In the late 1980s, Brooks and his team introduced Allen, a robot using subsumption architecture. As of 2012 Brooks' work focuses on engineering intelligent robots to operate in unstructured environments, and understanding human intelligence through building humanoid robots.


Introduced in 2012 by Rethink Robotics, an industrial robot named Baxter was intended as the robotic analogue of the early personal computer designed to safely interact with neighboring human workers and be programmable for the performance of simple tasks. The robot stopped if it encountered a human in the way of its robotic arm and has a prominent off switch which its human partner can push if necessary. Costs were projected to be the equivalent of a worker making $4 an hour.[10]

Awards and honors[edit]

Lectureships include:

Film appearances[edit]


  • Brooks, Rodney (March 1986). "A robust layered control system for a mobile robot". IEEE Journal of Robotics and Automation. 2 (1): 14–23. doi:10.1109/jra.1986.1087032. hdl:1721.1/6432.
  • Rodney Brooks (1989), "A Robot that Walks; Emergent Behaviors from a Carefully Evolved Network" (PDF), Neural Computation, 1 (2): 253–262, doi:10.1162/neco.1989.1.2.253, hdl:1721.1/6500, S2CID 33987248, retrieved 24 August 2010
  • Brooks, Rodney (1990), "Elephants Don't Play Chess" (PDF), Robotics and Autonomous Systems, 6 (1–2): 3–15, CiteSeerX, doi:10.1016/S0921-8890(05)80025-9, retrieved 30 August 2007.
  • Rodney Brooks (January 1991), "Intelligence without representation", Artificial Intelligence, 47 (1–3): 139–159, CiteSeerX, doi:10.1016/0004-3702(91)90053-M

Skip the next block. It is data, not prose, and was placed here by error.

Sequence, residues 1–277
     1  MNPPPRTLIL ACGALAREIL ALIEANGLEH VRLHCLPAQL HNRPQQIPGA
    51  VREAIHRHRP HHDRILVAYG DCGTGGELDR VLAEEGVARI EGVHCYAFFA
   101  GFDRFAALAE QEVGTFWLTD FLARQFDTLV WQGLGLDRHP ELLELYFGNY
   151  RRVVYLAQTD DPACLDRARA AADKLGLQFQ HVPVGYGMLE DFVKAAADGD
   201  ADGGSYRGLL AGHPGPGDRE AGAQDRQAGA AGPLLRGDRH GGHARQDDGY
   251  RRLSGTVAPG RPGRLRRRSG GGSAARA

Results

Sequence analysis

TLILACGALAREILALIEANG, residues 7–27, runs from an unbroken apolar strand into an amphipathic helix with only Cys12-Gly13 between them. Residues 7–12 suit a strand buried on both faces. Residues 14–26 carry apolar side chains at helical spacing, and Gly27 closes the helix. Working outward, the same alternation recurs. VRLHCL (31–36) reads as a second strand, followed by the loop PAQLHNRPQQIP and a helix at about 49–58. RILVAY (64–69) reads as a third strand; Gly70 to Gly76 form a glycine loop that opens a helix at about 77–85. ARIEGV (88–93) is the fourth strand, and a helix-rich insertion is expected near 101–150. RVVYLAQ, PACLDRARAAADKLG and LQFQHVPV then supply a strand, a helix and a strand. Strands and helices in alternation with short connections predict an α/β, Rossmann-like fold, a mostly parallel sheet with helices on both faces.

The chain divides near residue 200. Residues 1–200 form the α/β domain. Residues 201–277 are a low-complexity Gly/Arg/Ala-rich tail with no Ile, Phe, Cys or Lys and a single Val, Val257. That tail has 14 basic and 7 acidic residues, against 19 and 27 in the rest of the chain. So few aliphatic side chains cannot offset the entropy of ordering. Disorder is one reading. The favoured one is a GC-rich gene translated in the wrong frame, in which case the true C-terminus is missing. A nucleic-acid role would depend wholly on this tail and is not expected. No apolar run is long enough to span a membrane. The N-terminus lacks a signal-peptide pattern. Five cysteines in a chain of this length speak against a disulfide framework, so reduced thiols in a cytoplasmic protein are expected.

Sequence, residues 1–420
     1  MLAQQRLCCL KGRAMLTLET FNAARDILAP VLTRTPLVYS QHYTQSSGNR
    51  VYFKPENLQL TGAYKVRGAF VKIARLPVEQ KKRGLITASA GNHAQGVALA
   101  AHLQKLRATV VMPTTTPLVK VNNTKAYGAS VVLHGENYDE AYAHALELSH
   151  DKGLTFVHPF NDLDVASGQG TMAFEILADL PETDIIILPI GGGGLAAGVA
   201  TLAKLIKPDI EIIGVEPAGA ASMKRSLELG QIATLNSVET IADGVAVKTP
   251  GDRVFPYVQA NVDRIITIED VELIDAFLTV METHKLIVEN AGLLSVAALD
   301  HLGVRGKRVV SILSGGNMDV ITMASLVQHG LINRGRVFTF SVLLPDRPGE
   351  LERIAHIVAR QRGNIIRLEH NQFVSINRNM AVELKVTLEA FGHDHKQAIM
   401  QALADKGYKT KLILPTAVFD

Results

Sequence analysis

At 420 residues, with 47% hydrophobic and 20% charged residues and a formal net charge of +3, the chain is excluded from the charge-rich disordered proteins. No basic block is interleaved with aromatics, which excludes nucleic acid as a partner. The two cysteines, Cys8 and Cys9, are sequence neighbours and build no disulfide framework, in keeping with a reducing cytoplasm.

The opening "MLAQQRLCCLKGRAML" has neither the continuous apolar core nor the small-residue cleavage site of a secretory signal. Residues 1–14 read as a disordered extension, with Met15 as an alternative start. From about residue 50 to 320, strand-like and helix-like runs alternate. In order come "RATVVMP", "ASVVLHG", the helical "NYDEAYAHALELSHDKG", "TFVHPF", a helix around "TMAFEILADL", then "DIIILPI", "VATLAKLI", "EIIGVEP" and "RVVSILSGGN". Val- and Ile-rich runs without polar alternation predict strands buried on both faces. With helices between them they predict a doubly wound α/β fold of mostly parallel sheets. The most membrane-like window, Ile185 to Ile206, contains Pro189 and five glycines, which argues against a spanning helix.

• Steels, Luc; Brooks, Rodney, eds. (1995), The Artificial Life Route to Artificial Intelligence: Building Embodied, Situated Agents, Hillsdale, New Jersey: Lawrence Erlbaum Associates, ISBN 978-0-8058-1519-1, retrieved 24 August 2010 Alternative ISBN 0-8058-1518-X
  • Brooks, Rodney A.; Maes, Pattie, eds. (1996), Artificial Life: Proceedings of the Fourth International Workshop on the Synthesis and Simulation of Living Systems, Cambridge, Massachusetts: MIT Press, ISBN 978-0-262-52190-1, retrieved 24 August 2010
  • Rodney Brooks (1999), Cambrian Intelligence: The Early History of the New AI, MIT Press, ISBN 978-0-262-52263-2, retrieved 24 August 2010
  • K. Warwick "Out of the Shady age: the best of robotics compilation", Review of Cambrian Intelligence: the early history of AI, by R A Brooks, Times Higher Educational Supplement, p. 32, 15 September 2000.
  • The Relationship Between Matter and Life (in Nature 409, pp. 409–411; 2001)
  • Flesh and Machines: How Robots Will Change Us (Pantheon, 2002) ISBN 0-375-42079-7
  • Thrun, Sebastian; Brooks, Rodney Allen; Durrant-Whyte, Hugh, eds. (2007), Robotics Research: Results of the 12th International Symposium ISSR, Berlin & Heidelberg: Springer-Verlag, ISBN 9783540481102, retrieved 24 August 2010
  • Brooks, Rodney (May–June 2013). "Robots at work : towards a smarter factory". The Futurist. 47 (3): 24–27.
  • Brooks contributed one chapter to Architects of Intelligence: The Truth About AI from the People Building it, Packt Publishing, 2018, ISBN 978-1-78-913151-2, by the American futurist Martin Ford.[12]


  1. ^ "Rodney Brooks". NNDB. Archived from the original on 25 August 2016. Retrieved 23 January 2017.
  2. ^ Companies – CSAIL People – MIT
  3. ^
  4. ^ a b c Beyond computation: a talk with Rodney Brooks, Edge, 2002
  5. ^ Rodney Allan Brooks at the Mathematics Genealogy Project.
  6. ^
  7. ^ Computation as the Ultimate Metaphor: "What have you changed your mind about?", Edge, 2008
  8. ^ Brooks, RA (1990). "Elephants don't play chess" (PDF). Robotics and Autonomous Systems. 6 (1–2): 139–159. CiteSeerX doi:10.1016/s0921-8890(05)80025-9.
  9. ^ "Rodney A Brooks". ACM Fellows. ACM. 2005. Retrieved 23 January 2010. For contributions to artificial intelligence and robotics.
  10. ^ John Markoff (18 September 2012). "A Robot With a Reassuring Touch". The New York Times. Retrieved 18 September 2012.
  11. ^ " – Scientist: Military Working on Cyborg Spy Moths". Fox News. 30 May 2007. Retrieved 24 June 2008.
  12. ^ Falcon, William (30 November 2018). "This Is The Future Of AI According To 23 World-Leading AI Experts". Forbes. Retrieved 20 March 2019.

External links[edit]